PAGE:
The importance of computer access for people living in long term care facilities is on the rise. As the number of seniors using technology increases, so will use of personal computers, smart phones, tablets and social media no matter where they live. One study found that among people 65 and older:
Frailty is used loosely to describe a range of conditions in older people, including general weakness, balance and cognitive impairment. It leads to inability to perform everyday self-care, home or community activities.
Compassion Fatigue is physical, emotional and spiritual exhaustion from witnessing suffering in others. Taking care of others is one source, but also the constant bombardment of news. It develops slowly over time. As a result our resilience takes a hit. Our compassion cup is empty. We feel burned out. How can we fill our cup back up? Here's ten tips offered in A Guide to Understanding and Coping with Compassion Fatigue:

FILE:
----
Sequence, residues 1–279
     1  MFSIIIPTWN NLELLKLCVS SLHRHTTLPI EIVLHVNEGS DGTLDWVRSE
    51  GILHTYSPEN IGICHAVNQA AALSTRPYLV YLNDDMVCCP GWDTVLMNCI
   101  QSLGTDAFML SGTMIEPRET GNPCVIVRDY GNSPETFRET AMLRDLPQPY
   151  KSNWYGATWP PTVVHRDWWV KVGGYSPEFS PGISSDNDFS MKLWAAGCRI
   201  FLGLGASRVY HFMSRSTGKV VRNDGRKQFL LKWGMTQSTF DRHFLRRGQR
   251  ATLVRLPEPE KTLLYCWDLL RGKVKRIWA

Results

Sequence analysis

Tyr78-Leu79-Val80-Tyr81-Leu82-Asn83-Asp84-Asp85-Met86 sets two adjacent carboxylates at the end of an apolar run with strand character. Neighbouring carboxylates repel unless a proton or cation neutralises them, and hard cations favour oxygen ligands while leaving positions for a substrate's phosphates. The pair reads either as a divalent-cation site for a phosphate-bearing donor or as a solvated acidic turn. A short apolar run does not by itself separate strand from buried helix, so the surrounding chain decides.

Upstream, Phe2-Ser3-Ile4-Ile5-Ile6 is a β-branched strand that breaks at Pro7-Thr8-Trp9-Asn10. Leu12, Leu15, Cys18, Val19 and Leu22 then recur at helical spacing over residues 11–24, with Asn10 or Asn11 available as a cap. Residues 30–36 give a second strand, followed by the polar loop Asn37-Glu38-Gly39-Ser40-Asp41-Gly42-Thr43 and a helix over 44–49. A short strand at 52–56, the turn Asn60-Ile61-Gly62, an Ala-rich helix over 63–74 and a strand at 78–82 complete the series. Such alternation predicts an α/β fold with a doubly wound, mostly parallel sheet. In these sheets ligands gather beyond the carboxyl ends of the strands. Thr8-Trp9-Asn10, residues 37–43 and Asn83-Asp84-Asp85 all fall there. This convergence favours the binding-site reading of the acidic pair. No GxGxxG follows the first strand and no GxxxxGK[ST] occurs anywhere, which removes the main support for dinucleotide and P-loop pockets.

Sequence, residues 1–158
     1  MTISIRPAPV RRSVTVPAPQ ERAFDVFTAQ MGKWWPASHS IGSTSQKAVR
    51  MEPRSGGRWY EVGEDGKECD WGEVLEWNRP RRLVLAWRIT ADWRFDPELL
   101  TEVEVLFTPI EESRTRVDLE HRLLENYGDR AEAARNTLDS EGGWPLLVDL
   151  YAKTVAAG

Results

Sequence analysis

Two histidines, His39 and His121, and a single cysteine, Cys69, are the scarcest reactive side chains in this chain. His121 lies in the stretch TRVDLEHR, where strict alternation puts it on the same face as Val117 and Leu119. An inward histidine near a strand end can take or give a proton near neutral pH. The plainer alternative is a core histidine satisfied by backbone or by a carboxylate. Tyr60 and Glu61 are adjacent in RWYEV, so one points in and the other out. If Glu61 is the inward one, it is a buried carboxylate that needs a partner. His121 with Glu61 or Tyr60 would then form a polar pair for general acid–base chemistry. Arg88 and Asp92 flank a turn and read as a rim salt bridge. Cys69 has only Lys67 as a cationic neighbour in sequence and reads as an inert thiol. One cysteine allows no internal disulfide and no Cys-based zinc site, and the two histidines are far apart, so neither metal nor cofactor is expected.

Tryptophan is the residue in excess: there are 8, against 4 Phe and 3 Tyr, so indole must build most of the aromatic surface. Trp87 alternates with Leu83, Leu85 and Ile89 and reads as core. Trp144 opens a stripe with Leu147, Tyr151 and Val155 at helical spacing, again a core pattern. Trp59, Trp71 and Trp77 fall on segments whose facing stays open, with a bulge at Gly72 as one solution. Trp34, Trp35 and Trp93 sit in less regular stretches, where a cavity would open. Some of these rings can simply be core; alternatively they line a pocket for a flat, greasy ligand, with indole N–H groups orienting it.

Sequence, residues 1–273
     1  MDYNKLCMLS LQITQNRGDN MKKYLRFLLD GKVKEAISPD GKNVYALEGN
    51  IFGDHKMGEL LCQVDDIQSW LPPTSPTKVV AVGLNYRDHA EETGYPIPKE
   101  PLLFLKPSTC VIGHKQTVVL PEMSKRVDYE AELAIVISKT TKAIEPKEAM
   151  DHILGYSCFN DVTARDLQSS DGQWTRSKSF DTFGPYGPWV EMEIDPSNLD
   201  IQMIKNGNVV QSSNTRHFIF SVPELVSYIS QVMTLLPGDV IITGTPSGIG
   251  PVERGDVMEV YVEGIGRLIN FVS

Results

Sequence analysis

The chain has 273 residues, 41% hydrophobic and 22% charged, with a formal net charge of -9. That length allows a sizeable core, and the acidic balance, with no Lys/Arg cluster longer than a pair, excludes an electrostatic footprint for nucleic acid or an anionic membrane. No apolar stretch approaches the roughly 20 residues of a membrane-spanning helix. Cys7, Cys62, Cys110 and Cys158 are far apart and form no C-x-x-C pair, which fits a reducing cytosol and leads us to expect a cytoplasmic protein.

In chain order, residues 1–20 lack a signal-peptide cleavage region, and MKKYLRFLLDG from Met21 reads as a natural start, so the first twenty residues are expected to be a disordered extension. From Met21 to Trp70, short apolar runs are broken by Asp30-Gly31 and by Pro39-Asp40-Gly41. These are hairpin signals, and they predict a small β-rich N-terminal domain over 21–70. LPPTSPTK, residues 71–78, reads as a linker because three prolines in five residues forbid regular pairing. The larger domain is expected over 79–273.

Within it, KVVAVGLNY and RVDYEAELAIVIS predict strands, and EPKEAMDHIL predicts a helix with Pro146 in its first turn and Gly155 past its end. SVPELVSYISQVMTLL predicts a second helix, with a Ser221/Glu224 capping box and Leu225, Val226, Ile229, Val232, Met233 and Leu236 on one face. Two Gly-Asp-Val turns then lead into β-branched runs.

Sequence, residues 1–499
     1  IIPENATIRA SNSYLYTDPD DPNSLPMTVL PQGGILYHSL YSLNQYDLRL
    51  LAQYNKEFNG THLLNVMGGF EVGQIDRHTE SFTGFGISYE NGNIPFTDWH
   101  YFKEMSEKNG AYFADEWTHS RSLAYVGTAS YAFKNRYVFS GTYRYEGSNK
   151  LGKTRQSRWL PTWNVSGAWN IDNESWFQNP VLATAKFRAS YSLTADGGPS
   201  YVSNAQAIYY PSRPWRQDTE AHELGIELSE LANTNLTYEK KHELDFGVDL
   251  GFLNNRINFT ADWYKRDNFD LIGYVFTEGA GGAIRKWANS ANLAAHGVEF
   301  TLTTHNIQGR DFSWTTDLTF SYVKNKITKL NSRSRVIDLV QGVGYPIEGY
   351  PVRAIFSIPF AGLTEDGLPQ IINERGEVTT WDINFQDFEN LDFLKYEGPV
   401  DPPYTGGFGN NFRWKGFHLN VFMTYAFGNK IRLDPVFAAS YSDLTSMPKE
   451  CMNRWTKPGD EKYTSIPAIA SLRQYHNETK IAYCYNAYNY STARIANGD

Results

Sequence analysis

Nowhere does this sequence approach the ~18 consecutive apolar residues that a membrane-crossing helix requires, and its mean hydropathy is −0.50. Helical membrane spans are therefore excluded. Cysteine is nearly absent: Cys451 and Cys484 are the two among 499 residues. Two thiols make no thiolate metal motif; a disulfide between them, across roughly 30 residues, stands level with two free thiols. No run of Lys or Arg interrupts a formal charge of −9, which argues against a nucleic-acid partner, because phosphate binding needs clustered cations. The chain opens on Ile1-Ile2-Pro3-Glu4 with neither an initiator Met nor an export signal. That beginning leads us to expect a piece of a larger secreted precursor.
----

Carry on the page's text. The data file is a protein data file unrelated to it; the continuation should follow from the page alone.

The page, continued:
Any senior care professional is vulnerable to Compassion Fatigue. For example, nurses, doctors, counselors, veterinarians, therapists, social workers, chaplains, emergency response workers, and people caring for aging parents. So, what is Compassion Fatigue?
I saw a postcard once that read, "The last good thing that may happen in a person's life is a hospice volunteer". For National Volunteer Month help me recognize these special caregivers who are called to the bedside.
April 22 is Earth Day. A perfect time to reflect on how nursing home residents may suffer nature deficit disorder. Our world has become increasingly high-tech, consequently our connection to nature has diminished. I’ve often heard this associated with our kids but I see it in senior care, too.
Pet therapy is well-known for comforting people with dementia. Snuggling a four-legged friend brings on a smile, soothes anxiety and encourages physical activity. People connect to memories of their own beloved pets. Can a robotic pet replace the real thing?